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Few FL Medicaid Docs Stuck With Meaningful Use Attestation

After receiving the first-year meaningful use EHR incentives, most Florida Medicaid providers dropped out of the program.

Between 2011 and 2018, the state of Florida distributed nearly $100 million to healthcare providers that eventually did not maintain meaningful use status after obtaining first-year financial incentives, according to a study published in the International Journal of Medical Informatics. Only 43 percent of Florida Medicaid providers achieved meaningful use after receiving the first-year incentive.

Numerous studies have found the HITECH ACT to be directly responsible for the significant increase in provider EHR adoption rates. Incentivizing EHR adoption was based partially on the premise that EHRs would enhance patient safety and healthcare quality. 

Florida Atlantic University researchers aimed to assess provider participation beyond the initial incentive of up to nearly $22,000.

Following the initial incentive in State 1 Meaningful Use, healthcare providers were eligible receive upwards of $8,500 annually if they participated in the remaining five years of that program. Such participation in Stages 2 and 3 Meaningful Use would entail utilizing certified EHR or health IT to improve care quality, patient safety, and clinician efficiency.

The researchers leveraged nearly 9,000 records between 2011 to 2018 from the Florida Medicaid Promoting Interoperability program, which is what the now-defunct meaningful use program turned into. Research showed 43 percent of providers achieved meaningful use after receiving the first-year incentive payments, which was a 40 percent decrease after the first year.

Thus, the providers were unable to receive health IT assistance.

“The study was significant for many reasons,” Pierre K. Alexandre, PhD, associate professor and director of management programs in the College of Business’ Health Administration department, said in a statement. “It tells you that the incentive program, although it had the best of intentions, may not have done enough for certain providers to make it worth continuing in the program.”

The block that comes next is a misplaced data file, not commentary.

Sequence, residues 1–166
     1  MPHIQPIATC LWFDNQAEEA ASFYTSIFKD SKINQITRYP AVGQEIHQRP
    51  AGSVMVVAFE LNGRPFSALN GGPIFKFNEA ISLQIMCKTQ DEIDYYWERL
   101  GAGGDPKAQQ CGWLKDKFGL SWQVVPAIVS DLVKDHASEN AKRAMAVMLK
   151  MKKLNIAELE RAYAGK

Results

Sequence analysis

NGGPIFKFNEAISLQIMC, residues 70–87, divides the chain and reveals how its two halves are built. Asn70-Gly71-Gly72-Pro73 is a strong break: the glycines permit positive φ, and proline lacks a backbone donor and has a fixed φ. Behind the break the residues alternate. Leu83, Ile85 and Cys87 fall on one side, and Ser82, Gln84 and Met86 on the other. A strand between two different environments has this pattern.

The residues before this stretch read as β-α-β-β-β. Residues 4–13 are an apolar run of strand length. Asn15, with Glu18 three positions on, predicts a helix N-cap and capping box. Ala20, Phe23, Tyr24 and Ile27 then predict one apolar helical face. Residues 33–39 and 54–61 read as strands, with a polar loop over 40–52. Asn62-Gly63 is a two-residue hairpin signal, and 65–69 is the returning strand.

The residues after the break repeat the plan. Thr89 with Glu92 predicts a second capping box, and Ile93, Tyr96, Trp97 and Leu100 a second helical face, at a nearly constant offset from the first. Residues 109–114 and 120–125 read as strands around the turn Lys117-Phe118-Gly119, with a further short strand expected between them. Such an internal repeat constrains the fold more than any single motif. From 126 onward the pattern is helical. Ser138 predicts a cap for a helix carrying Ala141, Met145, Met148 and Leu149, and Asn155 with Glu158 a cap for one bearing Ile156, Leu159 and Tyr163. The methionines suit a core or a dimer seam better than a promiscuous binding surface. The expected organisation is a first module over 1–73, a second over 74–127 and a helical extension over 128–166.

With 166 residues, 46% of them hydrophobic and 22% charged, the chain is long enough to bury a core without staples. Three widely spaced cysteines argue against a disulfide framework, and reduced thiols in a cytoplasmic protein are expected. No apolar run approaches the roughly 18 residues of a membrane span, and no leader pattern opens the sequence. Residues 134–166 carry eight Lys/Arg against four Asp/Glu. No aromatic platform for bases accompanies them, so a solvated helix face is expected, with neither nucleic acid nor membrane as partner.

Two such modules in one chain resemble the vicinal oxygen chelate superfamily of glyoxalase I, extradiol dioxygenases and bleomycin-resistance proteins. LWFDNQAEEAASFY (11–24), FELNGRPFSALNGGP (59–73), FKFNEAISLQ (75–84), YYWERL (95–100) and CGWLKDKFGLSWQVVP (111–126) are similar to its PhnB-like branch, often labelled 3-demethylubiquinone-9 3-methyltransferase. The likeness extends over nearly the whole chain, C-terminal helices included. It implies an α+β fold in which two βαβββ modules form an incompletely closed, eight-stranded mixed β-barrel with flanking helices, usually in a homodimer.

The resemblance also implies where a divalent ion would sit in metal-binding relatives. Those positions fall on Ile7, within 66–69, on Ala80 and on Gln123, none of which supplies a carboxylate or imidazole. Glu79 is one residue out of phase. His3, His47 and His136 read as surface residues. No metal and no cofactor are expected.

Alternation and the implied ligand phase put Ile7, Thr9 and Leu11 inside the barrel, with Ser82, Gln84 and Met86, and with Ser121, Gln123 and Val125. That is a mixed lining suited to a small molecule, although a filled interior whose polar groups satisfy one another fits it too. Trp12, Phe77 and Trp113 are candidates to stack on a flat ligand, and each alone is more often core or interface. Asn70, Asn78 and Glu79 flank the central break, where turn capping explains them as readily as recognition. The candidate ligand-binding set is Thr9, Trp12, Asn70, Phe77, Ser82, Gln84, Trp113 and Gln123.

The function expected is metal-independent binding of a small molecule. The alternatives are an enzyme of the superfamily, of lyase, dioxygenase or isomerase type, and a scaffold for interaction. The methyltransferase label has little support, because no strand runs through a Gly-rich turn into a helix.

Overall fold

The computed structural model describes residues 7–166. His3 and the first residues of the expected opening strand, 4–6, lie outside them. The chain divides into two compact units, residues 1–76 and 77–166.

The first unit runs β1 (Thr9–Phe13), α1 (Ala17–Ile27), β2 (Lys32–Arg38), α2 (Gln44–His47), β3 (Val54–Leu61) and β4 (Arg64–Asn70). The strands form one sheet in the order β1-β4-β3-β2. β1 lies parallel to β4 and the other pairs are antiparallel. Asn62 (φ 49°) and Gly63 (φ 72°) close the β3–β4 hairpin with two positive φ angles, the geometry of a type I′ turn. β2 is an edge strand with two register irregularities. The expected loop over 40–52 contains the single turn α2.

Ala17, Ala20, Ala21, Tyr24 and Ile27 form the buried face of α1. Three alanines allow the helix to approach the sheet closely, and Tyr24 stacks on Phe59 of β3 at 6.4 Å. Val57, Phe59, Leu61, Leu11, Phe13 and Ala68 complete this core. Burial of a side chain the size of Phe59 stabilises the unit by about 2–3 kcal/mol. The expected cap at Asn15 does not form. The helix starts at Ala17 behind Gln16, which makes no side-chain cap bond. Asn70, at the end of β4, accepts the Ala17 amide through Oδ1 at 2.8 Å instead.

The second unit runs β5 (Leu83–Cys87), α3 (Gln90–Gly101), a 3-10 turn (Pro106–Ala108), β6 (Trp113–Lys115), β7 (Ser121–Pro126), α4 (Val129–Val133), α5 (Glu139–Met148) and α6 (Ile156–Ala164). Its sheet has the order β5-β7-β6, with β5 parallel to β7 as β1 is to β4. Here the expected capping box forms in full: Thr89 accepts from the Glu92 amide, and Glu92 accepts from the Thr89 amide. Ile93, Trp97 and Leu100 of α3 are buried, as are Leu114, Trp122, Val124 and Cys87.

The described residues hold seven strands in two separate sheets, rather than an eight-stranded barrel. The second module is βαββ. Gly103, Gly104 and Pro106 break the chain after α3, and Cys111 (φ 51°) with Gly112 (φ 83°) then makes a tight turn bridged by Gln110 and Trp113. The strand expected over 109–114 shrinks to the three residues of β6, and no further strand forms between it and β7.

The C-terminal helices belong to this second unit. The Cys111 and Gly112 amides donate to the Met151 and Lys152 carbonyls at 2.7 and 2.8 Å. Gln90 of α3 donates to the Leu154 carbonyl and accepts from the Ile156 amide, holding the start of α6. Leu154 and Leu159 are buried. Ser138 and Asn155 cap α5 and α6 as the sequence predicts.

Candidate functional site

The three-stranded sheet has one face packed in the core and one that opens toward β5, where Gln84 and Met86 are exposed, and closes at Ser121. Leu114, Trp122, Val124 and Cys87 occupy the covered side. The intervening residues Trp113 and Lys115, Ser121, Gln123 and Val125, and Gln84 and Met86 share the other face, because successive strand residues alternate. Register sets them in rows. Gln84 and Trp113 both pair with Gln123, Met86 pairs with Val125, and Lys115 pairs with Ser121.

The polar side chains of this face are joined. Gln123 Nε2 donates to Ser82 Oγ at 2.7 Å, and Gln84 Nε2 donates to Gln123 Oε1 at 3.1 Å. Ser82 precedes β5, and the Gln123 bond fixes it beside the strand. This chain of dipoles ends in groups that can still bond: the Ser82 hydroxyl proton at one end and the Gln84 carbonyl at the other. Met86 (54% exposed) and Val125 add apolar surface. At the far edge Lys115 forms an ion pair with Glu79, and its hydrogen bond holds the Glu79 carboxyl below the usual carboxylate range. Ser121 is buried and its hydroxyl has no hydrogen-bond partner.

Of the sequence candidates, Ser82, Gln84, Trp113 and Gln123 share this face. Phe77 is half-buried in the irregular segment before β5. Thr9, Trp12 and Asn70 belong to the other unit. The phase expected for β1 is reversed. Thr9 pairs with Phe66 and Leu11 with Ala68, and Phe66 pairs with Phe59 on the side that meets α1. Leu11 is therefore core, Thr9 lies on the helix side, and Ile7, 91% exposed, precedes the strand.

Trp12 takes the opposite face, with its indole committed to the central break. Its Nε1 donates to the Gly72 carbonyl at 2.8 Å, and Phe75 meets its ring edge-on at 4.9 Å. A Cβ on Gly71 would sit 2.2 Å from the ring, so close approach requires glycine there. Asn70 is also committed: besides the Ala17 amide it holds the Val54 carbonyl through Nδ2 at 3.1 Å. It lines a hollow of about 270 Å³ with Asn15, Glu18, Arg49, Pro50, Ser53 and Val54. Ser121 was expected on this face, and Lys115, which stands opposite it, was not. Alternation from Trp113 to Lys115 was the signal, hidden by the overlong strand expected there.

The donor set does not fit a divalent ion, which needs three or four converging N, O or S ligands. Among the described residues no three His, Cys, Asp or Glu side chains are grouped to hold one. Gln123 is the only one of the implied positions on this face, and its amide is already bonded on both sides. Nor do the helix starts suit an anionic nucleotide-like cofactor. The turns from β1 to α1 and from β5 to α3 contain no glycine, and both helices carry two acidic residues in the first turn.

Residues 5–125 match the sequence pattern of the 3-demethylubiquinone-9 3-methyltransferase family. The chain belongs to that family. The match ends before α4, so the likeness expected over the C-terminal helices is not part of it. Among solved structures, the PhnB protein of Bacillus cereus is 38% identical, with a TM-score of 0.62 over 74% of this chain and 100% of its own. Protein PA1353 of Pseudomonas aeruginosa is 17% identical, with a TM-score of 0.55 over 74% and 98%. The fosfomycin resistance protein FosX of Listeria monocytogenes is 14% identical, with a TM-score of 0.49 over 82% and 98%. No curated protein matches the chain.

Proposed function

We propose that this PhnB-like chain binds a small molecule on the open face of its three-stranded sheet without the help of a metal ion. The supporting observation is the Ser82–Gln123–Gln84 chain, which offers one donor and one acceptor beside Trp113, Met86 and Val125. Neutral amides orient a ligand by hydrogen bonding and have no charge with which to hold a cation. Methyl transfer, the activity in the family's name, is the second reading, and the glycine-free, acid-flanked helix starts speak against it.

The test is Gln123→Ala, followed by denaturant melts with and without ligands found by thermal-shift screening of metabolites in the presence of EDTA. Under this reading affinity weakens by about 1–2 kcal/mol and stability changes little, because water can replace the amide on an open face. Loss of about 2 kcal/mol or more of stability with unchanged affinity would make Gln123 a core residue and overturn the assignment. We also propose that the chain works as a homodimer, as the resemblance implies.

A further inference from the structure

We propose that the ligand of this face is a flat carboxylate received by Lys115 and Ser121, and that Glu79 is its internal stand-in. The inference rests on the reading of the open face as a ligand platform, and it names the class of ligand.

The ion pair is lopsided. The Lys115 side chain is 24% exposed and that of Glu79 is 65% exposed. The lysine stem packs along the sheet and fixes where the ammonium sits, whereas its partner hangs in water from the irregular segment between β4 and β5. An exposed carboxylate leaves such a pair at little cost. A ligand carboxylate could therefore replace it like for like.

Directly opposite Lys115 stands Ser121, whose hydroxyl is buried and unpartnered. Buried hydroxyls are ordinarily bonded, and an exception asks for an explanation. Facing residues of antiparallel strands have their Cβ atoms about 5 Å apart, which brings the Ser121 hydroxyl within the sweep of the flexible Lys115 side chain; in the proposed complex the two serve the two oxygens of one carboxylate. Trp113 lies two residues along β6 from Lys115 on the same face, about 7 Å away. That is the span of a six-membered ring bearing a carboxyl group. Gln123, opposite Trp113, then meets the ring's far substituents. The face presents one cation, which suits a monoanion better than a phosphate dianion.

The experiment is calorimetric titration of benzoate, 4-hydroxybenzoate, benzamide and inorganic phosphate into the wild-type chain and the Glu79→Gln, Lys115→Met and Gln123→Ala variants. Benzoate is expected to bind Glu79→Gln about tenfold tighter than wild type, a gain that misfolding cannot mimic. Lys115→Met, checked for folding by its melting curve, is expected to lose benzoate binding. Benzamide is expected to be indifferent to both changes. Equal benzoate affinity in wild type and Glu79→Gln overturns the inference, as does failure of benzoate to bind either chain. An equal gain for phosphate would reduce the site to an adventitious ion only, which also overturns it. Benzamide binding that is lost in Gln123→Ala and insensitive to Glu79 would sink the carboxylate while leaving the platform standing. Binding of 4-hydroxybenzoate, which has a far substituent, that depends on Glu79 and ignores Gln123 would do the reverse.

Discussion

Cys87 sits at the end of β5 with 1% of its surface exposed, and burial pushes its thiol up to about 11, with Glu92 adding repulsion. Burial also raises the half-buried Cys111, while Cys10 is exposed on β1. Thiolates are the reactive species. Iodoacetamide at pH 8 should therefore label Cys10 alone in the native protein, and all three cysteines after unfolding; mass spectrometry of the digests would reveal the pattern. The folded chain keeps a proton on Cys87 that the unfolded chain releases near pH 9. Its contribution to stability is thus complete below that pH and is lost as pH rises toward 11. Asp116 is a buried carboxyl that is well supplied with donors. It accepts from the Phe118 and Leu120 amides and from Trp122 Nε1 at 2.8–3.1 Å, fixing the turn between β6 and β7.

Of the Florida providers who did stick with meaningful use, 65 percent were pediatricians, 43 came from group practices, and 42 percent came from solo physician practices.

The data also revealed a rural-urban divide, with 58 percent of rural Florida providers achieving meaningful use, compared to 42 percent of urban area providers.

“So about six out of 10 Florida Medicaid providers have basic EHR systems that cannot function in ways that can positively impact patient care,” said Judith P. Monestime, FAU College of Business professor and the lead study author.

The study authors noted Florida Medicaid meaningful use achievement rate of 43 percent is 13 percentage points below the national Medicaid meaningful use rate of 56 percent.

Medicaid providers who did not achieve meaningful use after the first year did not receive punishment after collecting the first-year payment, the study authors wrote. Thus, providers in the Medicaid program could have less motivation to maintain the status after the first year.

Most healthcare experts agree that what some clinicians called the onerous reporting requirements for meaningful use, and now Promoting Interoperability, discouraged them from participation. Clinicians would rather forego the incentive payments than fulfill meaningful use participation.

Nearly 60 percent of Medicaid providers withdrew meaningful use participation after receiving the initial first-year payment, the research team said.

“This is concerning because advanced EHR functions – such as Meaningful Use – are necessary precursors to address unmet socioeconomic needs to reduce health disparities,” Monestime added. “Not meeting these needs leads to higher healthcare costs fueled by a cycle of emergency room readmissions.”

While the HITECH Act successfully promoted the adoption of a basic EHR system, low meaningful use attestations inadvertently created a digital “advanced use” divide among Medicaid providers, the study authors added.

“Ultimately, efforts to improve health outcomes, reduce costs, and increase health equity for underserved populations through advanced EHR functions have stalled,” the study authors concluded. “These results may provide timely information on the merits of further legislative efforts to increase MU and promote health information exchange.”

The study authors suggested the different eligibility requirements for lower volume based on the range of practice, such as pediatricians, could promote equity in program participation among dentists.

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